The trap in the work by Emmanuel Nassar seeks to ensnare our gaze. In TrapView (2014), the artist, known for his ability to detect indices of the constructive tradition in discarded objects, appropriates a sheet of white metal, which shows the effects of time, and has along its top and left edges thin iron rods which seem to complement the drawing on the painting’s surface, yet actually leap out from the painting, being attached only at its corners. We do not know if the painting on the metal plate, in the shape of a cube that we see in the lower part and on the left side, was already there or was made by the artist. The fact is that we are standing before the illusory impression of the entire cube, in perspective, with depth. TrapView bears the rare wisdom of knowing how to capture – in the limbo of the world, on the flip side of the sheen of consumer society – the possibility of a phenomenon that awakens the poetic capacity of the gaze, through a trap that is as sophisticated as it is simple.
In the work by Lygia Clark, Quebra da moldura (1954), there is a single painting, in which we see a white part, in the middle, and, around it, on a support that surrounds it, a wide band of dark green. In the upper part of the painting, at the left, there are two vertical black rectangles, which are overlaid to the canvas: one of them occupies only the green band, the other the white area. The same thing takes place in the lower right portion of the canvas. Except that those rectangles are horizontal, and they each extend over both the green band and part of the white area of the canvas. It is precisely this indifference of color, when the blacks unite and cross through the line that exists between them, which gives us the possibility of seeing what the artist calls the organic line. Only when the colors are the same does the line disappear, acting as a kind of “lung” of the work, making it breath. In the words of the artist “all of this research of mine [concerning the organic line], which I consider the primary formulation of a vocabulary to express a new space, began in 1954 with the observation of a line that appeared between a collage and a passe-partout, when the color was the same, and disappeared when there were two contrasting colors.”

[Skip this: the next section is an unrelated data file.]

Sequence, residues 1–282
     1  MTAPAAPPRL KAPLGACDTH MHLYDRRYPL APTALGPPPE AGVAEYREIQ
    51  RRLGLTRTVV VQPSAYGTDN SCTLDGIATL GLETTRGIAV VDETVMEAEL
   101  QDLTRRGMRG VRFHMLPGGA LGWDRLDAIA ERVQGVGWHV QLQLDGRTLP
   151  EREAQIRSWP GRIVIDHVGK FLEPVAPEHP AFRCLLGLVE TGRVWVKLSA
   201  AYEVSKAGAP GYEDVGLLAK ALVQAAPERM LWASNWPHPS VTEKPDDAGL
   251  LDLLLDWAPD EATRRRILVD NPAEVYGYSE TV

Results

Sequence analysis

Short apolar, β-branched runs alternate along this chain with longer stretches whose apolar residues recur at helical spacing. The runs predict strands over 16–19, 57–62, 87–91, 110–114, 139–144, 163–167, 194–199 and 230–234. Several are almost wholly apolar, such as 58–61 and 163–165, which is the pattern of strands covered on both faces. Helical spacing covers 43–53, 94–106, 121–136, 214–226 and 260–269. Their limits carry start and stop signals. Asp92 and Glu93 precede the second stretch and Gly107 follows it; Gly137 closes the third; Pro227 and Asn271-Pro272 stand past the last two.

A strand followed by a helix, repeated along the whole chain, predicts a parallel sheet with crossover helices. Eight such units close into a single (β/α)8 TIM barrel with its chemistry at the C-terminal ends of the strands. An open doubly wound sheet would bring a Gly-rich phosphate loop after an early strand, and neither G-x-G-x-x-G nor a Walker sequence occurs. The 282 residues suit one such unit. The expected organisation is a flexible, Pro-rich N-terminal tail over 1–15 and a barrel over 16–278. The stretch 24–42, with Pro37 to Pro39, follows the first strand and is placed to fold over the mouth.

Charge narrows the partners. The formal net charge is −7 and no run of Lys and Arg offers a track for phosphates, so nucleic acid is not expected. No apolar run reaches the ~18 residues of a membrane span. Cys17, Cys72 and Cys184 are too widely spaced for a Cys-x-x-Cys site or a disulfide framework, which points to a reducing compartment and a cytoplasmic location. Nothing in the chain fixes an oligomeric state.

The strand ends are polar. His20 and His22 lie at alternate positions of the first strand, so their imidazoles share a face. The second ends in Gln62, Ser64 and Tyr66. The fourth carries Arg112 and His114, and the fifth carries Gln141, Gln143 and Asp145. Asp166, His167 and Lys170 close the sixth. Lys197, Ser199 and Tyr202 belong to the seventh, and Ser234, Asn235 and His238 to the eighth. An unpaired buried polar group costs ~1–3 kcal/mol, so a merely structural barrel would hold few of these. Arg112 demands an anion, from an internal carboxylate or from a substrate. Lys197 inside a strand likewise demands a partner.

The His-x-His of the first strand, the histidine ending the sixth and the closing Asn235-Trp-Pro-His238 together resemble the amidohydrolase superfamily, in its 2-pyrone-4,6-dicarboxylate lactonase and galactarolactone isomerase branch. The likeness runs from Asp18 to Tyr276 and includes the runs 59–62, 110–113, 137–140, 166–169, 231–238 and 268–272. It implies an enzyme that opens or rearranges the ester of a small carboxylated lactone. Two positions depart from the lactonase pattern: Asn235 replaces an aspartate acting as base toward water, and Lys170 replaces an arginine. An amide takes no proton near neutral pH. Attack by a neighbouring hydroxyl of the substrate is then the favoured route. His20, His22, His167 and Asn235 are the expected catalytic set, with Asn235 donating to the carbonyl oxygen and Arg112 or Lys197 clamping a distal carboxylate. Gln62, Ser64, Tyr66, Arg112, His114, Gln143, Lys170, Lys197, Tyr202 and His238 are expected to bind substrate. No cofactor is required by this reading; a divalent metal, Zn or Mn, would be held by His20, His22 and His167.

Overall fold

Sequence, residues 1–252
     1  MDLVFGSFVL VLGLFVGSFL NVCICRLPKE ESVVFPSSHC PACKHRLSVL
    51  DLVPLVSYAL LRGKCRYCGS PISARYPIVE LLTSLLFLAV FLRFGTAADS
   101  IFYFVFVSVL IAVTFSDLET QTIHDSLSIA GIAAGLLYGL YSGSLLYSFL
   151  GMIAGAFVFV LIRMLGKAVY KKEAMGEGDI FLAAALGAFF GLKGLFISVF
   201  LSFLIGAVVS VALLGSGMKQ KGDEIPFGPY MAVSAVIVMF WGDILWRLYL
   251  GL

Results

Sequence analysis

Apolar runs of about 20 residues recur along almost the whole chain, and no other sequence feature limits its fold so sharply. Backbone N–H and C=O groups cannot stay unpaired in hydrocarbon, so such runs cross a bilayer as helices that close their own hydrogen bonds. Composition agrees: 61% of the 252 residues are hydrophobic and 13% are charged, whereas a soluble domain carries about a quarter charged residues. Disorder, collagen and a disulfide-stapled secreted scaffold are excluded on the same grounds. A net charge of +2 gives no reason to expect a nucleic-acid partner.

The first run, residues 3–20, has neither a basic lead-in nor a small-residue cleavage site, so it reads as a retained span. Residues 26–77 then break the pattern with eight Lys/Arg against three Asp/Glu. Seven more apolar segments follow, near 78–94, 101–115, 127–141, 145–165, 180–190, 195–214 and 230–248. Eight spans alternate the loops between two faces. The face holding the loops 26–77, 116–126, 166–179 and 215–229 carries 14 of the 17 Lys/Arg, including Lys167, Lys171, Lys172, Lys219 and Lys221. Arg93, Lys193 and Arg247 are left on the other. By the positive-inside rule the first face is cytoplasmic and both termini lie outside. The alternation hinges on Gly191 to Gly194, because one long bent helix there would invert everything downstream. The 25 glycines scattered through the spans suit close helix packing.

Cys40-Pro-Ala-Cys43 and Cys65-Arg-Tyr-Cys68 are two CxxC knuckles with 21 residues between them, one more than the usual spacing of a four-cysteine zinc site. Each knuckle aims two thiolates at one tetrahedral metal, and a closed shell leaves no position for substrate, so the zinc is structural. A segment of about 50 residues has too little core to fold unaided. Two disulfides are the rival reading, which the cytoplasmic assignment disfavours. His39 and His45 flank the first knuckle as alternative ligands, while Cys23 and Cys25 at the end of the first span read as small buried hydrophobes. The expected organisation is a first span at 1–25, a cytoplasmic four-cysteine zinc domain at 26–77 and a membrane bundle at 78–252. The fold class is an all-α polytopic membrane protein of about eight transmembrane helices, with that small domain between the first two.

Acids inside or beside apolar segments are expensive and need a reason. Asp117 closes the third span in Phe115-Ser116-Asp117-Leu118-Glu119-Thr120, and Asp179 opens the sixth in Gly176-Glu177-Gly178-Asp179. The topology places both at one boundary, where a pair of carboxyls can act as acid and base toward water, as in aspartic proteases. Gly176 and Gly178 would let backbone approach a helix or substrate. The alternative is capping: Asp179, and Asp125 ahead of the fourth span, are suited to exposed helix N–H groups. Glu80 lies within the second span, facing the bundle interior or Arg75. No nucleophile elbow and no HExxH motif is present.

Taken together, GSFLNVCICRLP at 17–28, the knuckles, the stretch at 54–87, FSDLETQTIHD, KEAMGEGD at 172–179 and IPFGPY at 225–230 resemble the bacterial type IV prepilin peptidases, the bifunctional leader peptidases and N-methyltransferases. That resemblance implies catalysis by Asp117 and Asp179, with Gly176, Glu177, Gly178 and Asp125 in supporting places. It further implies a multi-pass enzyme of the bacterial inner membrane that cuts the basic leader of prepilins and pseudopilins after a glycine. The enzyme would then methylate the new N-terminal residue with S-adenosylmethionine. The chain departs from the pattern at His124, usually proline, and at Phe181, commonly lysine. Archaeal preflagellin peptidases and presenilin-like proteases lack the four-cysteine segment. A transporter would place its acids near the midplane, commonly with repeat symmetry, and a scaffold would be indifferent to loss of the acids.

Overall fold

This fundamental discovery for the developments of Lygia Clark’s research is coupled, in this work, to the notion of the breaking of the frame, the lack of which is just the beginning of an extraordinary adventure by the artist in search of a contiguity between the artwork and the world, which wound up questioning the very notion of the work in art.
In Between is therefore a group show whose gaze, in its own way, rests on the two coordinates posed by Lygia Clark’s work: the space between, like a void and a silence that produce meaning; and the breaking of the structural categories of the modernity in art – like the frame, the plane, and the grid, able to insert a noise, even if it is only a murmur, which instates a balance between opposites.
Following these clues given by the work of Lygia Clark, what we finally see, updating the gaze to our current time, is a body of artworks that forms a counterpoint in relation to a contemporaneity marked by the regime of the spectacle and by hypervisibility. Amidst accelerated times, in which we seem to be living a “frenetic immobility,” and in which the excess of imagetic impulses slowly instates a blindness in each of us, the exhibition In Between arises as a small compendium of experiments to remind us of the importance of the patience of the gaze, in order that we might, at least once, dwell in the present and observe what lies between the lines, in the blank spaces between one line of a poem and the next. A hiatus in which resides the meaning of that which is said.